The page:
Science Fair Project Encyclopedia
Star Trek: The Motion Picture
Star Trek: The Motion Picture (Paramount Pictures, 1979; see also 1979 in film) is the first feature film based on the popular Star Trek science fiction television series. It is often referred to as ST:TMP or TMP. It is widely regarded as a disappointing film due to its plodding pace and emphasis on special effects over story and characterization, and is considered by many as one of the lesser films in the series. However, there are also many fans who consider this film to be the best of the series and the one film that most accurately reflected Trek creator Gene Roddenberry's vision of the future.
Circa stardate 7412.6, a powerful alien force - in the shape of a massive energy cloud - is detected in Klingon space and is believed to be heading for Earth. The cloud destroys starships and other objects it encounters en route. Starfleet decides to dispatch the starship USS Enterprise to intercept the "thing", requiring that its lengthy refit process be quickly finished and it tested while in transit.
As part of this plan, Admiral James T. Kirk (William Shatner) assumes his old command of the ship, angering Commander Willard Decker (Stephen Collins), who had been overseeing its refit as its nominal new captain. After gathering many of the former crew members of the ship, the Enterprise embarks on its journey, but testing of its new systems goes poorly, resulting in further stress between Kirk and Decker. Many problems are resolved by the addition of Mr. Spock (Leonard Nimoy), who had been on his home world of Vulcan undergoing the kolinahr ritual. His failure to do this led him to conclude that his destiny lay with humanity and Starfleet.
The Enterprise meets with the alien cloud, survives its initial assault, and is brought inside the cloud, which the crew learns is named V'ger. The ship gradually journeys to the center of V'ger, suffering some casualties along the way, as well as experiencing the strange transformation of Lt. Ilia (Persis Khambatta). It all leads to a transcendent finale at the center of V'ger.
V'ger is revealed to be the unmanned scientific probe Voyager 6, which was part of the Voyager program, and (ficticiously) launched in the 1980s or 1990s. The damaged Golden Record that it carried was recovered by an alien technology, which was used in the process of rebuilding V'ger to "fulfill its mission".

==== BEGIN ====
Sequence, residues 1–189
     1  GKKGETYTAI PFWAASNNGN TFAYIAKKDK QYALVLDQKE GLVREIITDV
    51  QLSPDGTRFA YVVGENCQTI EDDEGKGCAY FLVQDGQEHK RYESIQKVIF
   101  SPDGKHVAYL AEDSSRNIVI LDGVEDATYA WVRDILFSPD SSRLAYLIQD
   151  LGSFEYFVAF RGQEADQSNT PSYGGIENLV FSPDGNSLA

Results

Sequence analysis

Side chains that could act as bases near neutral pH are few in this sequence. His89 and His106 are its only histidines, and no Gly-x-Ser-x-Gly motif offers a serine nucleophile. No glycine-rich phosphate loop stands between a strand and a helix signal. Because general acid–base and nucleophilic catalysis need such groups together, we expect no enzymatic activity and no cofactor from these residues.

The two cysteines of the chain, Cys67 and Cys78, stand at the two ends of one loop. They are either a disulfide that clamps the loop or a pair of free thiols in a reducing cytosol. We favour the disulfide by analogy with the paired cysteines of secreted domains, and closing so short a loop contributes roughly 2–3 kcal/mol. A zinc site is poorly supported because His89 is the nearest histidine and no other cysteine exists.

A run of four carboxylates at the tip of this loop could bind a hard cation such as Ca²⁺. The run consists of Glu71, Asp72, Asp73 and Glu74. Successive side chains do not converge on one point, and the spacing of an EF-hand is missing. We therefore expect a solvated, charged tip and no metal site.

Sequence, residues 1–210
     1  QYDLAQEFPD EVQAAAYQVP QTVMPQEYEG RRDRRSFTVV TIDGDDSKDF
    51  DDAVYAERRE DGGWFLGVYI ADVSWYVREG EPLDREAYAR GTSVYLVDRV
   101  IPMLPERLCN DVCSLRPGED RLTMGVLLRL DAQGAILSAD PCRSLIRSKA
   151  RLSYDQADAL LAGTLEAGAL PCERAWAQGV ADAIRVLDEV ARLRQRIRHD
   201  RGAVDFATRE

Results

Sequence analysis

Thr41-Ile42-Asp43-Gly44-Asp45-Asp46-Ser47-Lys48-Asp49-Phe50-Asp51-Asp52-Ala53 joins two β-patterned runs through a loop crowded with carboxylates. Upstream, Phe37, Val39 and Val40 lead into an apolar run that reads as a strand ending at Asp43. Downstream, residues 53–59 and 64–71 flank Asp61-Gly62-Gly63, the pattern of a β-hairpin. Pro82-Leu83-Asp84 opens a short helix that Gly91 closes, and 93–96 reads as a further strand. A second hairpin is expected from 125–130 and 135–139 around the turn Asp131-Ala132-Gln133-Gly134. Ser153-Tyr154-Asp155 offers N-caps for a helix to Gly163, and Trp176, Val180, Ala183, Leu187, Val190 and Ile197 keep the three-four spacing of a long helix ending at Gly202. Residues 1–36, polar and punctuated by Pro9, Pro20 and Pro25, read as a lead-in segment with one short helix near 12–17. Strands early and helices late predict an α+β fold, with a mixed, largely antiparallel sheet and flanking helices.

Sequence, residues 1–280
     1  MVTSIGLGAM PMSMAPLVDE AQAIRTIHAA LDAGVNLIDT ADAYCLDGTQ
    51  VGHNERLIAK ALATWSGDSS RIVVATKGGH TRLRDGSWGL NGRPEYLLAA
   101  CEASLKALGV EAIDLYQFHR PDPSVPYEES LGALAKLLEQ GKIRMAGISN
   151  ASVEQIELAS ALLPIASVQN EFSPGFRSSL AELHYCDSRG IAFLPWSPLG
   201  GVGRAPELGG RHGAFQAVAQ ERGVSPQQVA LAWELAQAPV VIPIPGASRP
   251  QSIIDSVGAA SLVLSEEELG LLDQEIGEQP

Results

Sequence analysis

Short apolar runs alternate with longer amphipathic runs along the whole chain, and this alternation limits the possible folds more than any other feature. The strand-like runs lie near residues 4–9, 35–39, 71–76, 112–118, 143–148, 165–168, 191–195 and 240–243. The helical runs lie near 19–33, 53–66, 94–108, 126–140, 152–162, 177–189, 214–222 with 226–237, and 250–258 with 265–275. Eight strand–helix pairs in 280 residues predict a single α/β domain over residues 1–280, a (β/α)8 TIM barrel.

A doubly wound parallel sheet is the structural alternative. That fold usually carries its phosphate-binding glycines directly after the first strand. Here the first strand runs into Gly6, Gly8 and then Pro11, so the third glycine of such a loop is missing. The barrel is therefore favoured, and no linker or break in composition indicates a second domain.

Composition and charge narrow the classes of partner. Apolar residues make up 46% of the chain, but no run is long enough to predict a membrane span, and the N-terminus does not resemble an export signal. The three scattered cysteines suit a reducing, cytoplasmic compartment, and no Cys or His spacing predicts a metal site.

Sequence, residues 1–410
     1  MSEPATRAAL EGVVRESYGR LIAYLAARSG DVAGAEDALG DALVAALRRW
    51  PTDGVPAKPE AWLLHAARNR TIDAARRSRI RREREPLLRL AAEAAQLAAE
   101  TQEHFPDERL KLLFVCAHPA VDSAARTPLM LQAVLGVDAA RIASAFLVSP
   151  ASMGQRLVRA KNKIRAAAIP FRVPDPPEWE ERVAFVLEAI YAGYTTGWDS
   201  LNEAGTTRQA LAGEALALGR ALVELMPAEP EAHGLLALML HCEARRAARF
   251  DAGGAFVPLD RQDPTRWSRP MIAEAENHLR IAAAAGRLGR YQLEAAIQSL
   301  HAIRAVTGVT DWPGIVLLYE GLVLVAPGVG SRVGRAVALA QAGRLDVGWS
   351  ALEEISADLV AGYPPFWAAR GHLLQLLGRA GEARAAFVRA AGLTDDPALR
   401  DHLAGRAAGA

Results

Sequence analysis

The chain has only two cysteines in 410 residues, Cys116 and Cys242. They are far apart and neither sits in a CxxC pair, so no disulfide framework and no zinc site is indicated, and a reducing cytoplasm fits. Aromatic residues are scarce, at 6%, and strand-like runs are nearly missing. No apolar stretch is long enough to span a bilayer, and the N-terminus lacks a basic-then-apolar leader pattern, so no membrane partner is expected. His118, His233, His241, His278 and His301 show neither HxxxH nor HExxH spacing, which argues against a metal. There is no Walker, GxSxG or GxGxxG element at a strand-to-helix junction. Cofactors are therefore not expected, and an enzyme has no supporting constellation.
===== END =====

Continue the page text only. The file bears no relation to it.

TMP exhibits a pair of themes familiar to viewers of Star Trek and Star Trek: The Next Generation. First is the notion of "Kirk as destroyer of malevolent machines". Captain Kirk often encountered and destroyed computers which have become too powerful for the humanoids around them. TMP takes a slightly different tack, as V'ger is not actually destroyed.
Second is the notion of a being transcending the material plane to become something greater, usually represented as a being of light. Creatures such as the Organians from the original series episode "Errand of Mercy" have this characteristic, as do several beings from TNG. Star Trek almost always portrays this transformation in a positive light, something to which humanity can aspire, and V'ger's transformation here certainly is in this mold.
The theme of rebirth is a minor one in the film as applied to the characters. Decker and Ilia are removed from the stage through their own rebirth, while Kirk comes to command the Enterprise again as a sort of rebirth.
The film is very short on conflict or excitement; other than Kirk's conflicts with Decker and the obvious threat of V'ger, there is precious little conflict in the film, and both of these elements are dealt with by the deus-ex-machina nature of the ending. The story, in effect, is a relatively straightforward puzzle for the characters to solve, and, having done so, their other problems evaporate.